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November 28, 2007

Libertarianism And Non-Interventionism

by Doug Mataconis

Megan McArdle has a post up outlining the divide that developed among libertarians over foreign policy in the wake of the Iraq War:

A real non-interventionist has to accept that the United States should not have entered into World War II. Yes, Japan attacked us, but they did so because we were encroaching on their sphere of influence. Had we actually kept the navy within our territory, Japan would never have attacked, and we would never have entered World War II. And no, I’m not convinced by arguments that our intervention in WWI brought about WWII; our role, other than urging France and Britain to mitigate their vengeance, was fairly minor. Moreover, since we’re not starting from some blank, non-interventionist slate now, this is not a compelling argument against entering into World War II at the time of World War II.

Some libertarians do accept that (as does Pat Buchanan). Most, especially the more moderate breed nurtured post-Reagan, can’t accept a philosophy which means we should have allowed more millions to die in concentration camps, left the Russians and British to starve without lend-lease, etc. Their minds also turn to wondering how the American Revolution might have turned out had the French government adopted a similarly modest foreign policy.

If you are not willing to posit that Americans should stay home even when millions are being senselessly slaughtered, then you end up in sticky pragmatic arguments about the possibilities of inherently untrustworthy state power to counteract even more noxious state power, and how much in the way of cost we can reasonably be expected to bear in order to advance liberty. I don’t think there’s an inherently libertarian answer to those questions. Libertarians should be inherently more suspicious of the American government’s ability to make things better than other groups–but by the same token, it seems to me that they should be inherently more suspicious of repulsive states such as the dictatorship of Saddam Hussein.

Keep in mind that when we use the word “intervention,” it can mean any number of things such as cutting off diplomatic relations, joining in international pressure directed at a regime that is repressing its citizens, leading or joining in an economic boycott against that regime, supporting an internal opposition aimed at overthrowing that regime, all the way up to direct military action. This is important because the answer to the “should we intervene” question depends, in no small degree, on the type of intervention we’re talking about.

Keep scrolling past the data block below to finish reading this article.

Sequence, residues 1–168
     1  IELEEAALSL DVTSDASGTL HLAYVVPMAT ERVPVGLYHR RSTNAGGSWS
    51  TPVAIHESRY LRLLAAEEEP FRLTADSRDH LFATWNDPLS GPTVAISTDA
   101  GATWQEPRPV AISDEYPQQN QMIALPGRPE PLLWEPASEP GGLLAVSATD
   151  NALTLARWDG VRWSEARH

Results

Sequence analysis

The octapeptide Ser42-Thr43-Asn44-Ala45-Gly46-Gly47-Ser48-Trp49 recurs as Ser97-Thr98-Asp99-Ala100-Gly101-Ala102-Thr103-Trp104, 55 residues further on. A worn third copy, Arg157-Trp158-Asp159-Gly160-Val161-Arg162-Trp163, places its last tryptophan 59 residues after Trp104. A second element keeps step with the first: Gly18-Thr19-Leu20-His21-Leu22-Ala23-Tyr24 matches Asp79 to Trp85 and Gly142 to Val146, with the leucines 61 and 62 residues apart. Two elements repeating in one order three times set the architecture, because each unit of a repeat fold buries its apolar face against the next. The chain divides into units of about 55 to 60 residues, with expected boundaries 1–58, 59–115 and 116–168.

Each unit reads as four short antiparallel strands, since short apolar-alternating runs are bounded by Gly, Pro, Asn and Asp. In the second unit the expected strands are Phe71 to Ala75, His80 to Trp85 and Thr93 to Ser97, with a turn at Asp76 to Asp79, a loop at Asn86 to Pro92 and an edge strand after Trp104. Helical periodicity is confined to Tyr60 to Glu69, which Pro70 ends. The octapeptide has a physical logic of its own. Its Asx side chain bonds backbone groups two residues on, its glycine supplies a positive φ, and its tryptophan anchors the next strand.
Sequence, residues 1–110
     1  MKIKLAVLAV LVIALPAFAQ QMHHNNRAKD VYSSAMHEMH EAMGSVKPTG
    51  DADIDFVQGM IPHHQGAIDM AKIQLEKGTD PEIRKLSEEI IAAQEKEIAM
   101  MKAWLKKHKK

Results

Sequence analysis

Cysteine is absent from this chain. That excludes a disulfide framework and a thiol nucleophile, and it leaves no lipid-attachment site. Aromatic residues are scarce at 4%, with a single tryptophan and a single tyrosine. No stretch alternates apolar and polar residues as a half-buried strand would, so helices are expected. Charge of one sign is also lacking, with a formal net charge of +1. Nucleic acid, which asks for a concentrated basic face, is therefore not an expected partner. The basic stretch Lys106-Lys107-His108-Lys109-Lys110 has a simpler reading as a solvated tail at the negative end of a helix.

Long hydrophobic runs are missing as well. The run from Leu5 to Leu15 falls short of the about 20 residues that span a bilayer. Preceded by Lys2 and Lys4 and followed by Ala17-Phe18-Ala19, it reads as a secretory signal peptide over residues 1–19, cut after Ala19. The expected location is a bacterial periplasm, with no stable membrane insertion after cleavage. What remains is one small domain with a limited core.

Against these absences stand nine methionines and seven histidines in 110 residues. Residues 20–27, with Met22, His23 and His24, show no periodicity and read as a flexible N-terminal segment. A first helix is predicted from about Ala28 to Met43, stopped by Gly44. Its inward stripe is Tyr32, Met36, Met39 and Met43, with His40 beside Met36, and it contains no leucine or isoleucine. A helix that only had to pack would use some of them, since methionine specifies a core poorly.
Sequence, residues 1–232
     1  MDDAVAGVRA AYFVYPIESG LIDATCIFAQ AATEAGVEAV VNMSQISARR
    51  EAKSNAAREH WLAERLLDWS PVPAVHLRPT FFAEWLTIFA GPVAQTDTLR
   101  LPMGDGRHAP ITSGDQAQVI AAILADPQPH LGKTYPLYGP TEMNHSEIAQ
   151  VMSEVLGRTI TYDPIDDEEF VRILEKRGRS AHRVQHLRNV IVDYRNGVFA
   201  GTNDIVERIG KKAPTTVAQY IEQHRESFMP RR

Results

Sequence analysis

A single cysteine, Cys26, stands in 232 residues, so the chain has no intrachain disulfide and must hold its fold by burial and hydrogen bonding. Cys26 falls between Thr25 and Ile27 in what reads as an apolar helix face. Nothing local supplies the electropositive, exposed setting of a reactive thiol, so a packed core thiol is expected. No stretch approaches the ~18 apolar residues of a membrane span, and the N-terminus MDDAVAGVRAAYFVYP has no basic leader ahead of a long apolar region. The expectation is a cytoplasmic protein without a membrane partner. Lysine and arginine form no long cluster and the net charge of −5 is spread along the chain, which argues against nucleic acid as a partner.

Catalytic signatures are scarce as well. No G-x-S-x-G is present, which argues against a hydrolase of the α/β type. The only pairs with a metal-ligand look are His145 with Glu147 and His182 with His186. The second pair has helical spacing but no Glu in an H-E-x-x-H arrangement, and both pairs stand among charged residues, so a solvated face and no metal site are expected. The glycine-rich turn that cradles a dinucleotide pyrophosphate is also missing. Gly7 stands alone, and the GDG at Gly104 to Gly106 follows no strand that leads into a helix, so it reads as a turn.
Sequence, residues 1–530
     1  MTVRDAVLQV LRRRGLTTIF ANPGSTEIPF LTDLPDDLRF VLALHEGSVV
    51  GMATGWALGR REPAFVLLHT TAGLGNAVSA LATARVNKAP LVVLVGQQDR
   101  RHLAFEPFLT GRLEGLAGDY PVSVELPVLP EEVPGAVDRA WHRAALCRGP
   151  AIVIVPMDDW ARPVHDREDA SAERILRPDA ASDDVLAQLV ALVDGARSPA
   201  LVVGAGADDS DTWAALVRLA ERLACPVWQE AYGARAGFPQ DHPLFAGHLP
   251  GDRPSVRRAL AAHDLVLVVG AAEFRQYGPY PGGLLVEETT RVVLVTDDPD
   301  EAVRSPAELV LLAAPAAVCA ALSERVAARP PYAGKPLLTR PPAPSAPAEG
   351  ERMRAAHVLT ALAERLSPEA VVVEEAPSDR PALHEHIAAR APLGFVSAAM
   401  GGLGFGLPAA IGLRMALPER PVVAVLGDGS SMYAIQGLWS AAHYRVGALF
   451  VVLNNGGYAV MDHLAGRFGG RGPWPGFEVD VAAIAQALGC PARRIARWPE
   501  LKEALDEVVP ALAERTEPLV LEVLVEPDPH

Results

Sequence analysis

The question that McArdle’s post raises, of course, is when, if ever, the fact that a state like Iraq is violating the rights of its citizens justifies intervention in their internal affairs. If the answer is that the existence of a repressive regime is per se justification for intervention, then you’ve basically adopted a neo-conservative/Wilsonian idea of foreign policy, with all the attendant disasters that come from it. And here I disagree with McArdle in one respect — the negative impact that Wilsonian interventionism had on World War I, or more specifically on the peace that followed, clearly did have an influence on the events that led to another World War less than 30 years later. If the United States had stayed out of World War I and not intervened in the peace negotiations in Versailles that ended the war, then the treaty that ended the Great War would have, most likely, been far less punitive toward Germany, and that alone could have prevented the rise of Naziism.

If the answer to McArdle’s question is that intervention is never justified unless the United States is directly threatened, and even sometimes not even in that case, then you’ve basically adopted the position of the isolationists prior to World War II, who would have apparently been okay with Europe falling under Nazi rule and every Jew being sent to their death.

I don’t think that there’s an easy answer to this question and, in part, it depends on the kind of intervention that is being talked about.